LINGUIST List 9.484

Sun Mar 29 1998

Qs: Psycholing,Praeverbium,N. Am Dialects,Plurality

Editor for this issue: Martin Jacobsen <martylinguistlist.org>


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Directory

  1. El-Kareh/Tharwat, Psycholinguistics Software
  2. Domenico LEMBO, *Praeverbium* and "empty/full preverb" distinction
  3. Asad B. Sayeed, North American (Canadian and US) dialects
  4. sanooch na-thalang, Plurality in numeral classifier languages

Message 1: Psycholinguistics Software

Date: Sun, 29 Mar 1998 08:20:21 +0200
From: El-Kareh/Tharwat <aastf030aast.egnet.net>
Subject: Psycholinguistics Software

Please could some one inform me if there is in the market a software
which could help me in measuring the listening abilities of the
learnes thanks a lot 

seham
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Message 2: *Praeverbium* and "empty/full preverb" distinction

Date: Sun, 29 Mar 1998 15:32:03 +0100
From: Domenico LEMBO <lembounina.it>
Subject: *Praeverbium* and "empty/full preverb" distinction


A few weeks ago I put a query about the concept of "preverb" (lat.
praeverbium, fr. pre/verb, germ. Praeverb), asking for references on
its history and especially on the origin of the terminological
distinction between "empty preverb" and "full preverb". There was
nearly no answer except an useful note by Gary Toops, pointing out
that this distinction is strongly rooted in Russian grammatical
tradition. Nothing more, unfortunately. So one keeps wondering where
and when these notions emerge, as well as where and when the term
*praeverbium* as distinguished from *praepositio* and referring to a
verbal particle comes to life again, after its first known occurrence
in Varro's *De lingua latina* (VI 38; VI 82). We do'nt know whether
Varro himself creates this notion. We do'nt know who resumes it. We
can only suppose that it may surface again somewhere in medieval
grammar and be later resumed in early modern age, until it establishes
itself and even provides a basis for the subsequent distinction
between "empty" and "full" preverb. Anyway, references are badly
needed. Someone on the list is likely to know much more about this
topic.


Thanks

D. Lembo

P.S. Is the question an irrelevant one? Well, hardly so. For the
notion of "preverb" itself is not an irrelevant one. Of course, the
common feeling in English-speaking linguistics is that such term is
almost superfluous, because it is tantamount to "verbal
prefix". However, this common feeling is just ill-founded. The notion
of "preverb" is much wider and categorizes (although imperfectly) an
even wider phenomenon, what needs and deserves to be thoroughly
rethought. The notion of "verbal prefix" is totally inadequate to meet
these requirements.

_________________________________
Domenico LEMBO
Dip. di Filologia Classica
Facolta' di Lettere - Universita' di Napoli
Via Porta di Massa 1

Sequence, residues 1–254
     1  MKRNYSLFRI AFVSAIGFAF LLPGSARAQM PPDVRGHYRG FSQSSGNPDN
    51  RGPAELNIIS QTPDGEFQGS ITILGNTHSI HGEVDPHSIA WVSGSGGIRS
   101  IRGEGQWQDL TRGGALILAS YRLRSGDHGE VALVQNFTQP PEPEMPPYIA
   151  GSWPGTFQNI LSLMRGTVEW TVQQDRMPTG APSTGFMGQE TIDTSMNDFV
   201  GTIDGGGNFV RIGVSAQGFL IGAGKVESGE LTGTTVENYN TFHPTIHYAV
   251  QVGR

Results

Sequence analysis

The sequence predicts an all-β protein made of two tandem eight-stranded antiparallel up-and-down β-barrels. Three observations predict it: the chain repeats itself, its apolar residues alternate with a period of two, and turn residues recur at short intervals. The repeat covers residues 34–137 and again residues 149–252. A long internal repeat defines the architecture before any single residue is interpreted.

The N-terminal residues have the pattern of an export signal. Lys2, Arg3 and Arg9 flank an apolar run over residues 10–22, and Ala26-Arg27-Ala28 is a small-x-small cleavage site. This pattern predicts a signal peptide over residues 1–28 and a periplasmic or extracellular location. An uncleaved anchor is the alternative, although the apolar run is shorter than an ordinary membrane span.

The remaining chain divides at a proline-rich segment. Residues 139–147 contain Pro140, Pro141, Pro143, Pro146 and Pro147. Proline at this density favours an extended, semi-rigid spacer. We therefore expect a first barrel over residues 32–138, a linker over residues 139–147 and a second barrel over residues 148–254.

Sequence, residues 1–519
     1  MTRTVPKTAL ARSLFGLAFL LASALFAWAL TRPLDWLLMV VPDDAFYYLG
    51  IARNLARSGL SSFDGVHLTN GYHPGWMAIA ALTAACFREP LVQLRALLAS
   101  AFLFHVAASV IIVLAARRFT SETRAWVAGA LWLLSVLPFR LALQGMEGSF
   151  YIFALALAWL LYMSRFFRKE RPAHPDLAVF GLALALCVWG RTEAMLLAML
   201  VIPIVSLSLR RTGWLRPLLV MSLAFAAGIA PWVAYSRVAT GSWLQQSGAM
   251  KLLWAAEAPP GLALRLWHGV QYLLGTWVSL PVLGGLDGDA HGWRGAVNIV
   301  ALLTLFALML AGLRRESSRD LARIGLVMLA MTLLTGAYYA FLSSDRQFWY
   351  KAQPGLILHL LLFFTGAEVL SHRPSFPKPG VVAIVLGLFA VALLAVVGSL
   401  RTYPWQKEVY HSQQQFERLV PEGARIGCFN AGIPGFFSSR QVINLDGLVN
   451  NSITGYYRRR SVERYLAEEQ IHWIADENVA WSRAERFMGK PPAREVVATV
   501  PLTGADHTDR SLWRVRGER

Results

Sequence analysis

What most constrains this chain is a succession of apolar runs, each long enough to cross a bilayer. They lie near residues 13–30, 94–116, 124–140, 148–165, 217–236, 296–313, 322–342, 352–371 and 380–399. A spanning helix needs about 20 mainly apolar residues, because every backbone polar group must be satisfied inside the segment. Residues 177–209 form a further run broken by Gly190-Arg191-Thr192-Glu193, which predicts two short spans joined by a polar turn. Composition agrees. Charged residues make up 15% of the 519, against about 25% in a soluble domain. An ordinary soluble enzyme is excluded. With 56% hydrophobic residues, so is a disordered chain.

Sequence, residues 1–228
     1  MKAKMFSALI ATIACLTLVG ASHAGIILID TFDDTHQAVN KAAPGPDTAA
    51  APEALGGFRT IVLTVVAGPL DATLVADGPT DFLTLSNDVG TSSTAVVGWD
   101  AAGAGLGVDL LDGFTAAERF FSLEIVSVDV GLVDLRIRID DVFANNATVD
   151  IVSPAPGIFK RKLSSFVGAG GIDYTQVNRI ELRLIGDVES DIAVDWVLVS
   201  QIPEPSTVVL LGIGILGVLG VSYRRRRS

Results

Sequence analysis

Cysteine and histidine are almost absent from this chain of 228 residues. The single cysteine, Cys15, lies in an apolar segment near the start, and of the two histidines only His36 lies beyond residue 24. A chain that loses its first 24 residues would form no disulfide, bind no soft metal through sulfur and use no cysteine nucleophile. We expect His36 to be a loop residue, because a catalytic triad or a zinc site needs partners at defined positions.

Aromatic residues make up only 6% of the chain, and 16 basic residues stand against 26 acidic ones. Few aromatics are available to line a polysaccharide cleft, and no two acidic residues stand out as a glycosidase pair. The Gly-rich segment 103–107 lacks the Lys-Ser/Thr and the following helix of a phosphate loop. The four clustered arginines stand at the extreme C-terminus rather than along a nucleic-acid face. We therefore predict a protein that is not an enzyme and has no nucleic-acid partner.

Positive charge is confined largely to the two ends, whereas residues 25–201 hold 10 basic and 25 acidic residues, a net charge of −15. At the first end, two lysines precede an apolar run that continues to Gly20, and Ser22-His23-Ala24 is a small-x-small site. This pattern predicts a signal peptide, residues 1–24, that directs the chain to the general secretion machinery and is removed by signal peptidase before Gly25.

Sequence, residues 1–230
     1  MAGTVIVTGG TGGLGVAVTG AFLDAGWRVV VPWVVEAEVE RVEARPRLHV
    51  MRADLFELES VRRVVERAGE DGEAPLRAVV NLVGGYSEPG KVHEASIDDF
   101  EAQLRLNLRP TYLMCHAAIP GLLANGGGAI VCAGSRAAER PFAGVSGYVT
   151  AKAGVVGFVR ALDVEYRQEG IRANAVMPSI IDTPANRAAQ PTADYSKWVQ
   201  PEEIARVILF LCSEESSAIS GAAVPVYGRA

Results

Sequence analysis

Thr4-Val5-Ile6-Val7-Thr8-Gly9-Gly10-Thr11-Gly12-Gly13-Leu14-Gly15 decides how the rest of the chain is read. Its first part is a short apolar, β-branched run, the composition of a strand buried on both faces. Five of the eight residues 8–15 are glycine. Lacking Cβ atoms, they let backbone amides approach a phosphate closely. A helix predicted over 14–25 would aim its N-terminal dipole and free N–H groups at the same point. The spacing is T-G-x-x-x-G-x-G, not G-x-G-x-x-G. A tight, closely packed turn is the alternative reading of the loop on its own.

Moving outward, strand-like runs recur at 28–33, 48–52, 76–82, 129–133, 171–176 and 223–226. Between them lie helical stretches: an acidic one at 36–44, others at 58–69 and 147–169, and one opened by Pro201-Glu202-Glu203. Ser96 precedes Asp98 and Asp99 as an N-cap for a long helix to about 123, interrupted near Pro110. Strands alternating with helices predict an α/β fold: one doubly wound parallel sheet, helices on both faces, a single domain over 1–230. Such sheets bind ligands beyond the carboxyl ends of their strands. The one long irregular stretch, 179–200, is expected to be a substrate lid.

80134 Napoli
ITALY
_________________________________
e-mail: lembounina.it
fax: +39-81-7810828
ph: +39-81-5800534
_________________________________
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Message 3: North American (Canadian and US) dialects

Date: Sun, 29 Mar 1998 11:17:38 -0500 (EST)
From: Asad B. Sayeed <cd020freenet.carleton.ca>
Subject: North American (Canadian and US) dialects


Can anyone list for me some web sites and other materials (preferably
web sites) dealing with differences in dialect across North America,
particularly differences in Canadian and USAmerican speech and usage.
Also, some sites (in English) on the state of French in North America
would be useful as well. (I don't need anything specifically about
Mexico, just English and French-speaking regions.)

Thank you,


- 
Asad B. Sayeed
_________________________________________________________________________
 Vulcan purveyor of logic and enlightenment bound and gagged in trunk.
 ** DO NOT OPEN **
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Message 4: Plurality in numeral classifier languages

Date: Sun, 29 Mar 1998 06:43:41 -0800 (PST)
From: sanooch na-thalang <nathsvyahoo.com>
Subject: Plurality in numeral classifier languages

Dear Linguists

I have a query concerning the expression of plurality in numeral
classifier languages. In Thai, for example, 'child + two + classifier'
is the equivalent of the English 'two children'. Would you consider
that Thai expresses plurality through lexicalisation or
pragmaticalisation? Some scholars think that languages like Thai
express meanings through the pragmatic relations, not syntactic
relations, between linguistic elements. Others said that this is
lexicalisation. What do you think about it?

Sanooch Na-Thalang
Ph.D candidate
Language and Linguistic Department
University of Essex
Colchester
England
email: nathsvessex.ac.uk
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